New York City is starkly different today than it was 50 years ago. It is politically more liberal, and far more racially diverse. Yet one aspect has barely changed: The city’s public schools remain among the most segregated in the nation.
How did we get here? Why have schools remained so segregated for so long? And what can the city’s leaders do to change a fifty-year status quo?
‘A serious split’
On the morning of Feb. 2, 1964, students hunched over signs they would hoist the following day at a massive school boycott by hundreds of thousands of parents and children. They filled in bubble letters that spelled out “Fight Jim Crow, Boycott Schools,” and “Integration Means Better Schools for All.”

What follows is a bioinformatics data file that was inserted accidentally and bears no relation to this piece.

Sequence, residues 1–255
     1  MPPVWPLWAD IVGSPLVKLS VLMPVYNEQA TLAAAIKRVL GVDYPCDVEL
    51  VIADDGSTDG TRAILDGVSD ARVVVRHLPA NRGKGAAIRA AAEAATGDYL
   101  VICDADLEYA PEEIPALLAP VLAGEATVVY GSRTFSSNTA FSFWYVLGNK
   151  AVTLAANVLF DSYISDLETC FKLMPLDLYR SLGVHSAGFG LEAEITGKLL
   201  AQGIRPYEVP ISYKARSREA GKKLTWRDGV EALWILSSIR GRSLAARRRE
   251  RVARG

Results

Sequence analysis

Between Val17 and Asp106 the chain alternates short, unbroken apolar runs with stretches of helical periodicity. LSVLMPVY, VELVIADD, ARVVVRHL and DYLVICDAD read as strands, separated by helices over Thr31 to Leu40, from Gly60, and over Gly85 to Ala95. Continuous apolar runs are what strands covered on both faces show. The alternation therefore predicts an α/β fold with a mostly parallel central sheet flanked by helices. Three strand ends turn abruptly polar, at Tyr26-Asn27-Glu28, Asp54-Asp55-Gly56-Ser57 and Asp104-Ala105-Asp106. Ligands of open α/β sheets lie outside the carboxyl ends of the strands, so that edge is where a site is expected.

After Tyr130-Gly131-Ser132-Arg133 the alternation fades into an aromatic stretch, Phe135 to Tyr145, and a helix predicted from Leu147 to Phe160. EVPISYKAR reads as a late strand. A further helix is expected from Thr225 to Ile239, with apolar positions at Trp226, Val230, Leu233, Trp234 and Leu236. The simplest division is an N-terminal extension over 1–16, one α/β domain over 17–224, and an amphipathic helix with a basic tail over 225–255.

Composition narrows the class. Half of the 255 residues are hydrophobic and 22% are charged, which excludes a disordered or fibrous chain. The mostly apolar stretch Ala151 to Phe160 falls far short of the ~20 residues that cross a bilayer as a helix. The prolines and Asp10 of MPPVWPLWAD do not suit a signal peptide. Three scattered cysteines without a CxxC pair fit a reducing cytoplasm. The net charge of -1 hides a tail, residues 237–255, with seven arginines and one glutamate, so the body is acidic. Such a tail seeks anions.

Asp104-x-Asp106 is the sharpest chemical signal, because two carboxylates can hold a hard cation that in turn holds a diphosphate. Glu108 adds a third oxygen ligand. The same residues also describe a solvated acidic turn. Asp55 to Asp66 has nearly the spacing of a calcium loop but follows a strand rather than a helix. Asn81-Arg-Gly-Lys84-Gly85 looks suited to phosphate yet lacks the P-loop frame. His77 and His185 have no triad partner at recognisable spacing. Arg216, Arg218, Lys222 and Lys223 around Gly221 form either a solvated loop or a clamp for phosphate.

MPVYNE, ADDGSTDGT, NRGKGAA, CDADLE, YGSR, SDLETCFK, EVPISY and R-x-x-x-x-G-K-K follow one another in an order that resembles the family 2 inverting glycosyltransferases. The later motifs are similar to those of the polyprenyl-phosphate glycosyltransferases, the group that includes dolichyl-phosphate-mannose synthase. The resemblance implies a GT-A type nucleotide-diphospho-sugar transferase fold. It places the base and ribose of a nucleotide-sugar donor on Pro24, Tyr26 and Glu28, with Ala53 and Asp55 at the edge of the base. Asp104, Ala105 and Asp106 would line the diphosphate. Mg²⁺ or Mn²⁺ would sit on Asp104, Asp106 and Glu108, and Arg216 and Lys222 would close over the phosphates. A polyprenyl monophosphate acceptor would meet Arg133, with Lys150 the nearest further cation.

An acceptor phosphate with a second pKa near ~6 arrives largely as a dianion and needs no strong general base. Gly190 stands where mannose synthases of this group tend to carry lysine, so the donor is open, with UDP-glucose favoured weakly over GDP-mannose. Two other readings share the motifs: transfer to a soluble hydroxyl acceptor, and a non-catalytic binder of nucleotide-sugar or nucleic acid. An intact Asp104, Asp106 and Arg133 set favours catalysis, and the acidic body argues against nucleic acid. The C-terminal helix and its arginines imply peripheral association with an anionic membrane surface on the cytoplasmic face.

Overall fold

The boycott was led by local civil rights activists frustrated with the city’s fitful efforts to integrate schools, a decade after the Supreme Court decision in Brown v. Board of Education rendered school segregation unconstitutional.
Then, as now, the strongest supporters of integration believed the city’s efforts hewed too closely to a separate-but-equal ideology that the Supreme Court had struck down.